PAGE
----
Judicial Bias Questioned in Probe of Gov. Walker

     MADISON, Wis. (CN) – The judges of the Wisconsin Supreme Court face a call to recuse themselves from a case concerning benefactors they share with Gov. Scott Walker.
     The Brennan Center for Justice, a nonpartisan law and policy institute at New York University’s School of Law, made the argument in an amicus brief that supports neither party to the probe into Walker’s campaign finances.
     Special prosecutor Francis Schmitz’s underlying motion for recusal cites “ethical concerns.”
     In a statement on the brief, the Brennan Center notes that three groups – the Wisconsin Club for Growth, Citizens for a Strong America, and Wisconsin Manufacturers and Commerce – are under investigation for possibly violating campaign-finance laws in funding Walker’s 2010 general and 2012 recall elections.
     “These same special interest groups also reportedly spent millions in support of the election campaigns of four of the state’s Supreme Court justices, who are now hearing a constitutional challenge to the John Doe investigation,” the Brennan Center says.
     In its brief, the group asks that the Wisconsin Supreme Court follow the standards that the U.S. Supreme Court set in the 2009 decision Caperton v. Massey, which says a judge may be required to recuse in the event a litigant has provided them with “significant campaign support.”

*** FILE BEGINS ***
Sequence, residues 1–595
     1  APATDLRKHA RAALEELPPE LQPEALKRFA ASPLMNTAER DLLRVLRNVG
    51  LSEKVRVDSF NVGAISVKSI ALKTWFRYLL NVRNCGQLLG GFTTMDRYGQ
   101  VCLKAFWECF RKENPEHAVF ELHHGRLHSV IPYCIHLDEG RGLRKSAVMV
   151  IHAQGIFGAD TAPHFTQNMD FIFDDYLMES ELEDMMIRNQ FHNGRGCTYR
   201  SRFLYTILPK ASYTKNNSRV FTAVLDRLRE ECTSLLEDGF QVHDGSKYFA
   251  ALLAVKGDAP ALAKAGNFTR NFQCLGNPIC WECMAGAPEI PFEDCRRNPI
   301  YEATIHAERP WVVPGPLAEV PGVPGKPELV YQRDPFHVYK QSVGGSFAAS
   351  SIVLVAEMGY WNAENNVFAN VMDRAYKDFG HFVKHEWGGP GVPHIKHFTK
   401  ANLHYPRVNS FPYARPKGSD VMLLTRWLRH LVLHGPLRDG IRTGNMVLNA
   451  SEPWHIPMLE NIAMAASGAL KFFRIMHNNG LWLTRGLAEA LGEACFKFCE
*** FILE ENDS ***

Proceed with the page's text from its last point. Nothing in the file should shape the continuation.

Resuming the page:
“Notably, the Wisconsin Supreme Court amended the state’s code of judicial conduct in 2010 to specifically exclude campaign contributions and independent expenditures as bases for recusal in Wisconsin,” the press release states.
     The so-called John Doe probe at hand is a function of Wisconsin law that allows prosecutors to gather information to determine whether a crime was committed and who may have been involved.
     An earlier probe, John Doe I, resulted in the conviction of six of Walker’s aides.
     John Doe proceedings and documents are sealed, but the current investigation has continued in fits and starts, thanks in part to U.S. District Judge Rudolph Randa’s injunction canceling the investigation – a ruling that the 7th Circuit stayed the next day and eventually overturned.
     Wisconsin Club for Growth has sued in Waukesha County Circuit Court to halt the investigation, claiming the Government Accountability Board is legally overreaching.
     Amici in the brief are NYU School of Law professors Barbara Gillers and Stephen Gillers, as well as Lawrence Fox, a visiting lecturer in law at Yale Law School; Northwestern University School of Law professor Steven Lubet; Indiana University School of Law professor Charles Geyh; and Fordham Law School professor Bruce Green.

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